Two young dogs died today. Both dogs were perfect, bright, normal animals just three days ago. They came into my surgery with mild diarrhoea and a loss of appetite. Despite intensive treatment, by this morning they had both collapsed into a coma, and by this evening, both had passed away. The dogs belonged to different owners who lived some distance apart, and the dogs had never met. They were both victims of a disease which is a constant threat to dogs in this part of the world – a disease called Parvovirus.
Many dog owners are vaguely aware of Parvovirus – but most people do not know the full facts of the disease. The virus causing the illness is one of the hardiest viruses found in the animal world. It can live for many weeks in the environment. Normal disinfectants do not destroy it – special “Parvovirus-killing” chemicals are needed for this purpose.
The virus is highly infectious. If an unvaccinated animal encounters it, the full blown Parvovirus disease is almost inevitable. Dogs which are infected shed Parvovirus particles into the environment for up to two weeks before they show any signs of illness. Droppings from these infected dogs are seething with virus particles. Wherever the dog passes faeces, a focus of infection is left, which could be a danger to any passing dog for many weeks. It is obvious why it is common to see outbreaks of Parvovirus, often based in housing estates where many dogs frequent the same grassy areas and the same lamp-posts. Everybody has seen how a dog sniffs an area before passing faeces and urine. During this sniffing, a dog will inhale any Parvovirus particles within range, and if they are not vaccinated, the Parvovirus disease will follow.
The disease itself is overwhelming. The virus causes serious damage to the lining of the small intestine. Affected dogs pass bloody diarrhoea which has a distinct, unforgettable, foul odour. Dehydration develops rapidly, and even with intensive intravenous fluid therapy, it can be impossible to save these animals. I feel particularly sad when animals die of Parvovirus because it is a disease which is preventable. When people take their unvaccinated puppy for a walk down the seafront, they don’t realise that they are putting their new pet’s life seriously at risk. When people glibly tell me that their six year old dog has not had ‘his shots’ since he was a puppy, they don’t realise how serious this situation can be.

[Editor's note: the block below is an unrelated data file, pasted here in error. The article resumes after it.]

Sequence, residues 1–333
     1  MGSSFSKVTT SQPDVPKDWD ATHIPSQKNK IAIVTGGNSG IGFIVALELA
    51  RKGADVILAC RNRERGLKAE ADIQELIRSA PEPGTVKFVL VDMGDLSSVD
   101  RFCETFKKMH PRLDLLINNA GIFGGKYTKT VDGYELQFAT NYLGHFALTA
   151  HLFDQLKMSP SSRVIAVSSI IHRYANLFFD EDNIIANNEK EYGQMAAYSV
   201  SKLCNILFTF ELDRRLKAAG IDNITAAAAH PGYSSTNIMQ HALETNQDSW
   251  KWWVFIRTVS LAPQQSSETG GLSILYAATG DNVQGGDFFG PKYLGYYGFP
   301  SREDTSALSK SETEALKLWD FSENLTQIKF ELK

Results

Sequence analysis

I have condensed the essential facts of Parvovirus down to three statements which should be memorised by every dog owner.
1. All dogs, of any age, must have a full course of vaccinations against Parvovirus before being allowed outside their own home.
2. All dogs must have a booster vaccination against Parvovirus regularly for their entire life, to ensure that they remain fully protected.
3. Vaccinations must be given in the correct way, at the correct age, using the correct product. If in doubt, ask your local veterinary surgeon.
Blog post by Pete Wedderburn. Check out his site at www.petewedderburn.com